When we came to the desert a little less than two years ago for A.’s interview, I sat on a park bench on the only green swatch of land I had seen for miles, nursed five-month-old CM and watched the black ravens fly from tree to tree. They looked at me with their beady, smart eyes, their wing-spans longer than I am tall and shouted: “Caw, caw!” I heard: “Scram, scram!”
The playground was empty, a far cry from the always full playground in D.C. I felt lonely in that moment — and hormonal and exhausted — and I knew we were moving to place I never would have picked. I cried that afternoon on the car ride back to L.A. “I like change and I like to think I am adventurous,” I choked out to A. “But maybe I’m fooling myself.”
A. was seeking a simpler life, away from the bustle of the city. He wanted quiet. Open land. Solitude. And the job was a perfect fit. I knew coupling with A. meant adventure and change, but this wasn’t the change I had in mind. All I could think of was what I was losing: a job I loved, my friends, my community. Logically, I knew this was a chance to explore California and the West Coast and stay home with my son, but even though the move was short-term, my heart was unsure.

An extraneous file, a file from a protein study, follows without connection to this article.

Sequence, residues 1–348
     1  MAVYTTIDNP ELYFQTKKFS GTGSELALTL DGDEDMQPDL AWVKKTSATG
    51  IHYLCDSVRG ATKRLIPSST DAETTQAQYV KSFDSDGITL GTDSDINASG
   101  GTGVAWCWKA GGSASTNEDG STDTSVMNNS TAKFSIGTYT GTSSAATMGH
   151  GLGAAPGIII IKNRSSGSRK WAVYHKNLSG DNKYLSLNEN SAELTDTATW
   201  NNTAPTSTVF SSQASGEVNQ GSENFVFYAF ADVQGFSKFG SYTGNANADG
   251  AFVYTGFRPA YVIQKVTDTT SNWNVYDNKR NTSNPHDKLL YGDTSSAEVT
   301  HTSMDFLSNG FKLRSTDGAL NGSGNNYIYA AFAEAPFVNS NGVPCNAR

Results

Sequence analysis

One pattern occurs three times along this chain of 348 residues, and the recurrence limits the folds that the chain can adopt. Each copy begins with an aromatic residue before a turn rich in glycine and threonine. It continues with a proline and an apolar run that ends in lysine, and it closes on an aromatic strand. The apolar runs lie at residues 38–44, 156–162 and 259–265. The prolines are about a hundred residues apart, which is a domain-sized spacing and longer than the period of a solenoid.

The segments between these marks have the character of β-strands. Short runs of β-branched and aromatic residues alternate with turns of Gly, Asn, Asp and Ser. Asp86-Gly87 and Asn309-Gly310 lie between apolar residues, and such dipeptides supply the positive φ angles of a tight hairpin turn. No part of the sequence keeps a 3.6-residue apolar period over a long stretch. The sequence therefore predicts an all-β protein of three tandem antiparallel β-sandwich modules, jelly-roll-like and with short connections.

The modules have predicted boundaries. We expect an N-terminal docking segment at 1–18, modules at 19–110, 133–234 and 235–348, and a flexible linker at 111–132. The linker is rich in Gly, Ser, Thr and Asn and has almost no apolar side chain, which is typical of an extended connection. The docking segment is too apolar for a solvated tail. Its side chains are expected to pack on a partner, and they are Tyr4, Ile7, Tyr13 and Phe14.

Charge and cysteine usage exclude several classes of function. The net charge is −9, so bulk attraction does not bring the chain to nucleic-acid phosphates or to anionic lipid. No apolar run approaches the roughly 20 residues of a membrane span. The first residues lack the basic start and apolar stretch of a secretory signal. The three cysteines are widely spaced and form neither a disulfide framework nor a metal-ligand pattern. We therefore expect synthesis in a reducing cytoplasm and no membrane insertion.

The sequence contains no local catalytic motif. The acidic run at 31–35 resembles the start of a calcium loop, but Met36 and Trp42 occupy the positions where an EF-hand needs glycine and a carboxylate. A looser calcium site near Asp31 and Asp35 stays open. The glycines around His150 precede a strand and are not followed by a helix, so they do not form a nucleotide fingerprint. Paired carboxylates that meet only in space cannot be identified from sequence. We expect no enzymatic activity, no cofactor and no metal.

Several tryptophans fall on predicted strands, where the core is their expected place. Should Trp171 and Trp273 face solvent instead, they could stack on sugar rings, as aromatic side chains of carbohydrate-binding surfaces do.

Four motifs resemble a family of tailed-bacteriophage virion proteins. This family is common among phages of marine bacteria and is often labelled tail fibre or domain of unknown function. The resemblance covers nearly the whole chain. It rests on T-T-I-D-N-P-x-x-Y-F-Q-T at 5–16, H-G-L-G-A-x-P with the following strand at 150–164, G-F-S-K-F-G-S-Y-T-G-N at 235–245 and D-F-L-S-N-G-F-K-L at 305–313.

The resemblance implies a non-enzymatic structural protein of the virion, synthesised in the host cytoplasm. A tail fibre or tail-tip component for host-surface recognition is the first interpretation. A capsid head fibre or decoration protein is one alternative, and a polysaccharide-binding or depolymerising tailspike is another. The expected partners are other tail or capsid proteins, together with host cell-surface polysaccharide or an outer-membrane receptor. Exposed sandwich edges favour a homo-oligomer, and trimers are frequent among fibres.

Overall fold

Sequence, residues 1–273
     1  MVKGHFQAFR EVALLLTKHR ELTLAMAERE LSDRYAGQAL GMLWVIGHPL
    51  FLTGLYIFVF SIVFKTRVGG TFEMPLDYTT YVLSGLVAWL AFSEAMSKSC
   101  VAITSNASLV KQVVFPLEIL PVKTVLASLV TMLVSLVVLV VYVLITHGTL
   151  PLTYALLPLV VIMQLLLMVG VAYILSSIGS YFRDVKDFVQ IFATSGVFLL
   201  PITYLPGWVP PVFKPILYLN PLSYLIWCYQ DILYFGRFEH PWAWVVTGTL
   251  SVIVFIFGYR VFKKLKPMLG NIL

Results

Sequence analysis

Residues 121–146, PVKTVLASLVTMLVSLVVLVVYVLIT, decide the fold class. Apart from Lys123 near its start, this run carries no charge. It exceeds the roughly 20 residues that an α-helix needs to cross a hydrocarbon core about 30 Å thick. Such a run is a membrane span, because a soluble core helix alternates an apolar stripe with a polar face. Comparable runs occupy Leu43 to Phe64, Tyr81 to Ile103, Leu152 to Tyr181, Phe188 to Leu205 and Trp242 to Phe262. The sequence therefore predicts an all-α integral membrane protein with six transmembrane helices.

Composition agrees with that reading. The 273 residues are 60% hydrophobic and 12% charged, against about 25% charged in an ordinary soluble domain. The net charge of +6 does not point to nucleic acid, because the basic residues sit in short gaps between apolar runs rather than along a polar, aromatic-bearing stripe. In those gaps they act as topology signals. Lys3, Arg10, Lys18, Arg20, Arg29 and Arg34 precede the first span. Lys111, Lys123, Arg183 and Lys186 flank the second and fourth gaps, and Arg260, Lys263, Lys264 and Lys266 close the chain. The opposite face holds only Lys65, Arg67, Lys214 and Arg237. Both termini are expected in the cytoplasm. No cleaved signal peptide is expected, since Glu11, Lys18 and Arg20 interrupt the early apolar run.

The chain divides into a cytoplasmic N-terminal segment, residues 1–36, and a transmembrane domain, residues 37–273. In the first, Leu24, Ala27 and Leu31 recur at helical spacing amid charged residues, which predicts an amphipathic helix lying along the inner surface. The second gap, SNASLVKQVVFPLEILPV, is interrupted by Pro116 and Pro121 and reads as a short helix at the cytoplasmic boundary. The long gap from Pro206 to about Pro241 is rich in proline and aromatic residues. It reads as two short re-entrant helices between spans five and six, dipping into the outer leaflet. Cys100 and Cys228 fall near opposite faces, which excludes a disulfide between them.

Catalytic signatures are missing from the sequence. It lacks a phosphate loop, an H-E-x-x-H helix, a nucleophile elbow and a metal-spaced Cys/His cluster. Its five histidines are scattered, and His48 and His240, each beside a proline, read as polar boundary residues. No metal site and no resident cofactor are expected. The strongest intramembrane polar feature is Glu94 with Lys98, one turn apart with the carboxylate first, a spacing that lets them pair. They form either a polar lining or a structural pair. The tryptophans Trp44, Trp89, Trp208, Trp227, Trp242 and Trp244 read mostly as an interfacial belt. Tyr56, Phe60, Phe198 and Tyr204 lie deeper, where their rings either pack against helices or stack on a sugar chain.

We’ve lived here for a year and a half now, and this is what I can say with confidence: I choose my own happiness. All I have to do is focus on what’s beautiful about being here — the warm winters, the sunshine, the quiet, the fruit trees in our backyard, the undistracted time with my little ones, my pottery teacher and her studio, the mountains, A.’s flexible work schedule — and I feel at peace.
Also, we are officially re-calibrated. The simplest things are now exciting. We went bowling a few weeks ago and I broke 100 for the first time in my life and it was a MAJOR LIFE ACCOMPLISHMENT. We took the train to San Francisco for a wedding when CP was a month old, and ate Indian food, and it was THE BEST INDIAN FOOD IN CALIFORNIA. I walked into an Anthropologie and saw THE MOST BEAUTIFUL DRESSES EVER MADE.
When we lived in the heart of the city, we took good food, good friends, good museums for granted. And, I often felt bad because I was over-booked, over-tired and felt under-accomplished.
I’ve learned that living simply — in a place with zero good restaurants, no shopping and little entertainment but an incredible amount of sunshine, fresh fruit and fresh air — is in many ways healthier for me. And it allows me to experience life’s pleasures in a more intense way.